Transplantation places one healthy kidney into your abdomen. This one kidney is sufficient to replace the work of your two failed kidneys.
A kidney transplant can be the first form of treatment you receive or it can be selected later after receiving dialysis treatments for some time. Transplantation is the preferred treatment for certain people.
You may receive a transplant from a living related donor, a donor who is not related but willing to donate a kidney, or you may receive a kidney from someone who has recently died (deceased donor).
There is a regional matching service that is funded by the federal government. It updates the list of those waiting for a kidney, does the blood typing and tissue matching for the possible deceased donor transplant.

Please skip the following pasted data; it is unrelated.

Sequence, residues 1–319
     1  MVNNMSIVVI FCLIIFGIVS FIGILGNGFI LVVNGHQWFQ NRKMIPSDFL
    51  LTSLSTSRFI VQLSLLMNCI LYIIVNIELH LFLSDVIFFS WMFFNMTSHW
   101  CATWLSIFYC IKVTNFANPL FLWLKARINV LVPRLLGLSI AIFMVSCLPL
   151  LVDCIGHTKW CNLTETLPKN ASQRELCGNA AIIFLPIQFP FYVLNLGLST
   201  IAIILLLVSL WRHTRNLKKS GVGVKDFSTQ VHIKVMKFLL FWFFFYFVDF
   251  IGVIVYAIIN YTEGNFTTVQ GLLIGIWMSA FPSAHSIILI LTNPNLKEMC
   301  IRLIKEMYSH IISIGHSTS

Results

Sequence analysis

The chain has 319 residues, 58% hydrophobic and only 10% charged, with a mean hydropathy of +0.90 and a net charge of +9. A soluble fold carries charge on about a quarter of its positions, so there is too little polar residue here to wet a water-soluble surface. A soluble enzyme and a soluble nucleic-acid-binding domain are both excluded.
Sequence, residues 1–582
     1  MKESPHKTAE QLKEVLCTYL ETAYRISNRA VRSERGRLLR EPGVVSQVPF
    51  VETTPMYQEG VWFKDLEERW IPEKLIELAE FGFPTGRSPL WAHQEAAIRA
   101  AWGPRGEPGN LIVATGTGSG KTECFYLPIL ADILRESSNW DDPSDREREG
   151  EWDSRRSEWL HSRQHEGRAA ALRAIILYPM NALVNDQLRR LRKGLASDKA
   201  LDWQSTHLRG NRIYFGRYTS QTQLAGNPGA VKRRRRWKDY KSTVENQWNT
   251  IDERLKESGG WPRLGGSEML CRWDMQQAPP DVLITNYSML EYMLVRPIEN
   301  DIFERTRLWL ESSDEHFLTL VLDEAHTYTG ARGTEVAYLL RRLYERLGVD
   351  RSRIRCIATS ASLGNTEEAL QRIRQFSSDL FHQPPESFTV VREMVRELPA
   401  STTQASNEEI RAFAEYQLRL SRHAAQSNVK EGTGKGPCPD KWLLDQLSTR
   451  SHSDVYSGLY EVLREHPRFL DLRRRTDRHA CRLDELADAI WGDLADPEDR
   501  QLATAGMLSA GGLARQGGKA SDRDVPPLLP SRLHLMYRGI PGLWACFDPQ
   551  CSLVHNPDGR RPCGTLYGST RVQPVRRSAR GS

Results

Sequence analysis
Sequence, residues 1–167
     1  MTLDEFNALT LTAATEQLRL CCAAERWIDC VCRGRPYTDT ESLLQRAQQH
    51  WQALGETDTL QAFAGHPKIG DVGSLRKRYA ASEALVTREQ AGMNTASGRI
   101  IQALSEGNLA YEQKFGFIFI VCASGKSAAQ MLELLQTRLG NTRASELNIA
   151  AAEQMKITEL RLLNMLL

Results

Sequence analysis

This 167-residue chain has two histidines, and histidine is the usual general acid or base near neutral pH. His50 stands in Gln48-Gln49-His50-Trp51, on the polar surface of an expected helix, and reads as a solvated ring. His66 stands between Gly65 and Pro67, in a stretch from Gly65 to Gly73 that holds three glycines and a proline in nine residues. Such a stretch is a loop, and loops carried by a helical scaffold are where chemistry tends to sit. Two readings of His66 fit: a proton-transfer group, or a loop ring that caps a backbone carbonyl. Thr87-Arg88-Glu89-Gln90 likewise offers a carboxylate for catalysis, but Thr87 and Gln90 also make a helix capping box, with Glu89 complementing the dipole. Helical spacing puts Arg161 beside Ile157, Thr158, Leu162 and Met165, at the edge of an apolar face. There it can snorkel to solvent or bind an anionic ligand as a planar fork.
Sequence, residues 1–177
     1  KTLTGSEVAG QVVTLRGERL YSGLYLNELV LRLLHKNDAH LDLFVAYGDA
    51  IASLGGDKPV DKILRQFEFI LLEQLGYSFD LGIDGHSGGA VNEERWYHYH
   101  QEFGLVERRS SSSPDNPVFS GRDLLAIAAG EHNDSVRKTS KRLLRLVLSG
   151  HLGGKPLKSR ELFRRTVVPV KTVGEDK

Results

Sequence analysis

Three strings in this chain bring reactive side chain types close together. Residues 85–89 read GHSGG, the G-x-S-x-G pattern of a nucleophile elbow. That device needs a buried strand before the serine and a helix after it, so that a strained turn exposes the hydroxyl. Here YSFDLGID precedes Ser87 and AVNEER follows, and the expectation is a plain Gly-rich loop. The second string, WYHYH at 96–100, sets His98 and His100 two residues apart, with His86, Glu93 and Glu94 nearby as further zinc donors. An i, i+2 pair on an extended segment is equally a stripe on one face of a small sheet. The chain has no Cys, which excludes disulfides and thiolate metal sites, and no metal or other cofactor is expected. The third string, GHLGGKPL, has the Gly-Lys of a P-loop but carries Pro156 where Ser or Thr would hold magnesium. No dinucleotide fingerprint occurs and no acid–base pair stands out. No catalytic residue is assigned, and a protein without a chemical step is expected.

If a living donor is willing to give you a healthy kidney, this donor must be evaluated for medical fitness and compatible blood type. Depending on the type of donor, waiting time for a kidney will vary. The wait for a deceased donor kidney will be longer than that for a living donor due to the shortage of deceased donor kidneys. The surgery will take from 2 to 4 hours and your stay in the hospital will be 5-7 days.
Your doctor will prescribe several new medications to prevent rejection by your body of your new kidney. You will have to take these medications as long as the transplanted kidney works. Transplantation can offer you the greatest potential to return to a healthy and productive life.
Get more information on kidney transplantation from the United Network for Organ Sharing (UNOS). The information is also available in español.
Page last updated: 9/16/2015